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Date: 19 September 2017. Hurricane Irma (part 2)


This became a multi-part series about Hurricane Irma and the impact it had on me. The individual articles can be found here:

For those that prefer their reading all on one page (and it's a biggie)
the entire tale can be found on the
Hurricane Irma Saga page.

As written in
Hurricane Irma (part 1), my Seaweed is more than just a home. She is my shelter, my safety, my tranquility and my happiness. I love my boat. Protecting her is paramount. Hurricane season each year is from the first of June through the end of November. For me having  places where I can hide from *fetch is critical.

*Fetch is the length of open water between your boat and the horizon. A short distance means winds and waves have less chance to build up. It is safer. More information on fetch can be found in the By the Shipyard article.

I intend to go further, see more places, explore and enjoy life afloat.

I'm not sure how far I'll get however I have lots of charts. I am waiting on incoming Amazon and eBay orders.

Seaweed takes care of me. When the sun shines I have power via my Renogy solar panels. When the breeze blows, I have more power from my
Air Breeze Wind Turbine Generator. If neither sun nor wind cooperate, Bluebell powers my life. Bluebell is my gasoline generator. Bluebell will even run the air-conditioner. At anchor, off the grid, my life is wonderful. I am truly blessed.


Yamaha EF2200iS Inverter Generator

I have a Yamaha 1000 which I love. It is easy for me to start it. What I like best is that I can turn off the fuel and 4 minutes later the motor stops. This way my carburetor is empty which keeps it from getting gummed up. Yamaha's have a fuel shut-off valve which Honda's do not come with.

You can install a shut off valve.

Honda EU1000i Inverter Generator

My friend Irene has the same generator as I do. We have Yamaha 1000's.

Irene made a blue canvas cover for hers. Mine is stored inside under a beige cover.

But I digress... Suffice it to say, Seaweed is special to me. Very, very special.

The local cops were riding in their cruisers up and down streets blaring recordings saying "get out" along with a "mandatory evacuation order" for barrier island residents.

I was busy tying Seaweed off to the neighbor's dock and my mangrove. Plus I set my anchor out in the middle of the canal to pull myself away from everything. None of this was easy.

Irene aboard S/V Katja was preparing her Valient32 at Treasure Key Marina in the Bahamas.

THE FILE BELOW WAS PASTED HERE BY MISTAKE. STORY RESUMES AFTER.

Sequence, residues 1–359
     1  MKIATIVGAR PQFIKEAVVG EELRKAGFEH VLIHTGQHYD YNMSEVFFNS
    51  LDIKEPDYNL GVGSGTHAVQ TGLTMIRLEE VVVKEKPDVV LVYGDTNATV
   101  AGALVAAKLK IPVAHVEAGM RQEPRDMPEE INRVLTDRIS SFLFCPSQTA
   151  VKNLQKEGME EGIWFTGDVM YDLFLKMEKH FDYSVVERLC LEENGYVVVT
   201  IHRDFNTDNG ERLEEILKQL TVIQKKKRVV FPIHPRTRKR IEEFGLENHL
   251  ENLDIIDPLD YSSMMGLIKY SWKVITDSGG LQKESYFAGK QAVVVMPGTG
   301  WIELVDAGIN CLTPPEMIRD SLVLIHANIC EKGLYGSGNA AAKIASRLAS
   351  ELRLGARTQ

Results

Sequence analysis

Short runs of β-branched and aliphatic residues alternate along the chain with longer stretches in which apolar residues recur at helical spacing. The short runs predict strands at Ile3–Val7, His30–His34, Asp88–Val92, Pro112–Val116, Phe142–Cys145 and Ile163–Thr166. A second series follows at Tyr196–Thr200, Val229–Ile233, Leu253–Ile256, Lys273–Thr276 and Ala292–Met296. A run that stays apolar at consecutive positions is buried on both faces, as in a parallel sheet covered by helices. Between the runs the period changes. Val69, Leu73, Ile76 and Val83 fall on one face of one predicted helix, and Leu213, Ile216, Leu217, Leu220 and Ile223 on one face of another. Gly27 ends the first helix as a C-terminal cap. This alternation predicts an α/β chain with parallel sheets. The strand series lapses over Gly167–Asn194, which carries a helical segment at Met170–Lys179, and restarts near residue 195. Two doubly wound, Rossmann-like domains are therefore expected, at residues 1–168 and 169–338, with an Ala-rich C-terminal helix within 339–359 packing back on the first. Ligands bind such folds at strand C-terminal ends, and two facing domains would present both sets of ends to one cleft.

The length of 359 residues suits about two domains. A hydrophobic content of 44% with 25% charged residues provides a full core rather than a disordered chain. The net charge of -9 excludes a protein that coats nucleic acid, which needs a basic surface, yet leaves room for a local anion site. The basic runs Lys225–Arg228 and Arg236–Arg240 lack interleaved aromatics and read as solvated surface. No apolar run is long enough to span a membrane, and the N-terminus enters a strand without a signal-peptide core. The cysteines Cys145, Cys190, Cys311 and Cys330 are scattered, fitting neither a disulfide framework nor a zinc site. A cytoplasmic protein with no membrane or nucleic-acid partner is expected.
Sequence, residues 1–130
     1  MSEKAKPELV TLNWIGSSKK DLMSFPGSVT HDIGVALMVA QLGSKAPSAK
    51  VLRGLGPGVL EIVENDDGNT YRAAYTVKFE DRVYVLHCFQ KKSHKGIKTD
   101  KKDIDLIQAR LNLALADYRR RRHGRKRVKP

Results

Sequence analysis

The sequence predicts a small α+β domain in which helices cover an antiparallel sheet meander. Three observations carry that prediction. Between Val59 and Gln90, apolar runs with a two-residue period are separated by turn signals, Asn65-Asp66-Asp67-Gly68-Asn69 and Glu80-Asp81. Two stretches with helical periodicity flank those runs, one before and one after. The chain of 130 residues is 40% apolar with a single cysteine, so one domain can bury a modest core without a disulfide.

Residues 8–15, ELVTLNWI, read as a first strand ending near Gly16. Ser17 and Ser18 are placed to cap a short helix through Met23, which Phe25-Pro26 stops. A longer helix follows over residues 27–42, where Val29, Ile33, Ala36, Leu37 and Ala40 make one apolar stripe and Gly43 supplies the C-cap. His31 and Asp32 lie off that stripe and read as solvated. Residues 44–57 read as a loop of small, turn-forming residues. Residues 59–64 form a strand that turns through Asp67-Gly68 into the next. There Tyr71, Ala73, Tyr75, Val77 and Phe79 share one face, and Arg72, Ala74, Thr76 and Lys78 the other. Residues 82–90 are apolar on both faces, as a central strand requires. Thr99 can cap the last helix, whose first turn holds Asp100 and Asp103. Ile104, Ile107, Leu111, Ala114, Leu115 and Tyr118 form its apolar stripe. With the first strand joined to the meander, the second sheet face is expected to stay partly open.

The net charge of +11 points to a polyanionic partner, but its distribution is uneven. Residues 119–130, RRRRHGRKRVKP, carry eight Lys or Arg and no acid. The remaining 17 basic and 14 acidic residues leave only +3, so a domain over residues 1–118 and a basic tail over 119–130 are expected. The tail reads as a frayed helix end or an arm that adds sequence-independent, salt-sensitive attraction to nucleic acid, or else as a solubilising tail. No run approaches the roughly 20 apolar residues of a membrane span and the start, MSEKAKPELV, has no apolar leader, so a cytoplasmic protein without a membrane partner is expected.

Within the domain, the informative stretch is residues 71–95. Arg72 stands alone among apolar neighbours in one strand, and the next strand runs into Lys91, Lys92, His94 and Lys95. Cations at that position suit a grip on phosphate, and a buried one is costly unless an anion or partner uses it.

Storm preparation is not simply a matter of adding lines to your vessel. You must adjust them to account for tides, wind direction, and more. Plus with a sailboat all the sails have to come down. None of this is physically easy.

For Seaweed that meant five lines from her port side up wind (eastward) to four different pilings. The five lines all ended on separate cleats. I had six lines on the starboard side. Undue stress at any single point was to be avoided.

Next I rowed my anchor out into the canal. That meant finding fenders to float the anchor chain. Physically I could not simply row upwind with all that chain dragging across the bottom. I tied fenders to the chain each fifteen feet to help lift the chain.


Some may suggest that I could have just dropped the chain length desired into my dinghy. I considered that. The problem would have been untangling the chain and letting it out without giving myself a swimming lesson.

What I should have done: Two or three days prior to the storm I should have taken my anchor out via Seaweed and planted it mid-canal.

Next I could have returned Seaweed to where I am rafted up, then laid out more chain. The chain would lie across the bottom until just prior to the arrival of the hurricane. With the chain lowered it would not interfere with other boaters as they moved their vessels around.

The day before I could have adjusted my anchor and tightened up the chain.


Using the fenders was not entirely successful. I would have preferred to have the anchor out an additional 25'. I wasn't strong enough to make that happen. Instead I got out about 50' of chain and called it Good Enough. Not ideal, but then the world seldom is perfect.

In Treasure Key Marina, my friend Irene adjusted and readjusted her lines through tide changes.

Irene is one smart cookie: She's left up her bimini to provide some shade. That came down last!

Making the lines the correct length, taking into considering storm surge, preventing the boat from touching the dock... All of this is difficult. It is an art that boaters continually work at perfecting.

It is always a good idea to have another boater check your work. An experienced eye is always a good thing. Once you are done though, you are done. There will always be those who criticize. Hindsight is 20/20 and rubbing salt in a wound is never helpful.

More to come... I'll post the next part shortly.

While in a marina and storm prepping, how many dock lines do you use?
And, do you also set an anchor?

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2017, 2020, 2023

Categories: Boat Talk, Boats, Characters, Gear, Locations, Security,

Hurricane Irma (part 1) ~ Previous Post ...    ... Next Post ~ Hurricane Irma (part 3)


The Archive holds a running list with synopsis of published articles, and links to same.

A favorite aphorism:  With a boat, if you don't care for the view, the neighbors or the weather, you haul in the lines and change them! OffDuty on TrawlerForum.

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The Cruising Kitty is what boaters refer to as spending money. There's never enough aboard Seaweed!

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My Buddy, and his girlfriend...

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